A descriptive study of psychiatric consultations in a Community Primary Care Center

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Abstract

Background: This retrospective chart review study describes on-site psychiatric consultations at a large, urban community primary care center. The referral population, diagnostic reliability of primary care providers (PCPs) and social workers, appropriateness of PCP-initiated treatment, impact of treatment recommendations, and outcomes are examined. Method: Charts of all patients who received psychiatric consultations (N = 78) during an 8-month period (August 1996 to April 1997) were reviewed. Results: Prereferral diagnoses by PCPs matched the psychiatrist's diagnosis based on DSM-IV diagnostic criteria approximately half the time. PCPs initiated psychopharmacology in half the referrals (39/78) and used generally appropriate medications (30/39) based on diagnosis by a psychiatrist, but at subtherapeutic doses (21/39). PCPs tended to continue medications recommended by the psychiatrist. At 1 year, PCPs clearly documented improvement in nearly a third of the consults (24/78). Conclusion: Diagnostic disagreement of caregivers, inadequate PCP psychopharmacology practices, and patient nonadherence are 3 main problems that impede optimal care within the model of psychiatric consultation described in this study.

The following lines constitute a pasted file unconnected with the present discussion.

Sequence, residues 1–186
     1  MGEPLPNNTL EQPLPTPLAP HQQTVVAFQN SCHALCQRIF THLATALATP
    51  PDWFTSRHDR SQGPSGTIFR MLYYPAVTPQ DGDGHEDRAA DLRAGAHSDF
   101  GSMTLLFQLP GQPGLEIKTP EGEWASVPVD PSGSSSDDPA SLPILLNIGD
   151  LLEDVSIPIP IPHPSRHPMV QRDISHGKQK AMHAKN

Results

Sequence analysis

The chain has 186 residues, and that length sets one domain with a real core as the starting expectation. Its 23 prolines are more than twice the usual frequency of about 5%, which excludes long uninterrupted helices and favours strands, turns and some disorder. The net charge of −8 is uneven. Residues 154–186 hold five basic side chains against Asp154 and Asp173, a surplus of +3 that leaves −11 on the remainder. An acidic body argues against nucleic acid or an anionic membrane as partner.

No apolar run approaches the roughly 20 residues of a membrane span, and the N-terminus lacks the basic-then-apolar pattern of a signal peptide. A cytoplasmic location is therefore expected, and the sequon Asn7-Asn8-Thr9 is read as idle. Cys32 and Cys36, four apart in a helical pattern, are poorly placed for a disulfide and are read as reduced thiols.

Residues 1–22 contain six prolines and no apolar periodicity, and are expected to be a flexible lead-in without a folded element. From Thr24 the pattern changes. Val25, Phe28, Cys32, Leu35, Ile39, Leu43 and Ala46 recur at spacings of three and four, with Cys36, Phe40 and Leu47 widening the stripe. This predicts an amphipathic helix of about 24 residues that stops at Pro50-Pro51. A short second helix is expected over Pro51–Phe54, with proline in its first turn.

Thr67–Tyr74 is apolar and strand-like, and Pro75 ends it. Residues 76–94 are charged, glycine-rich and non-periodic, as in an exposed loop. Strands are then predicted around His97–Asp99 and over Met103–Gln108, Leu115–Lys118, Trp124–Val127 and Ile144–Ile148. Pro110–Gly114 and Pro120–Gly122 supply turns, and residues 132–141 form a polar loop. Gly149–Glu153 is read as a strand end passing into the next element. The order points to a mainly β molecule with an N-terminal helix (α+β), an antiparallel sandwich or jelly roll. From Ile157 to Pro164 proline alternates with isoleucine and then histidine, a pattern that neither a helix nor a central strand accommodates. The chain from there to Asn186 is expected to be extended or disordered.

Original languageEnglish (US)
Pages (from-to)190-194
Number of pages5
JournalPrimary Care Companion to the Journal of Clinical Psychiatry
Volume3
Issue number5
StatePublished - 2001
Externally publishedYes

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ASJC Scopus subject areas

  • Psychiatry and Mental health

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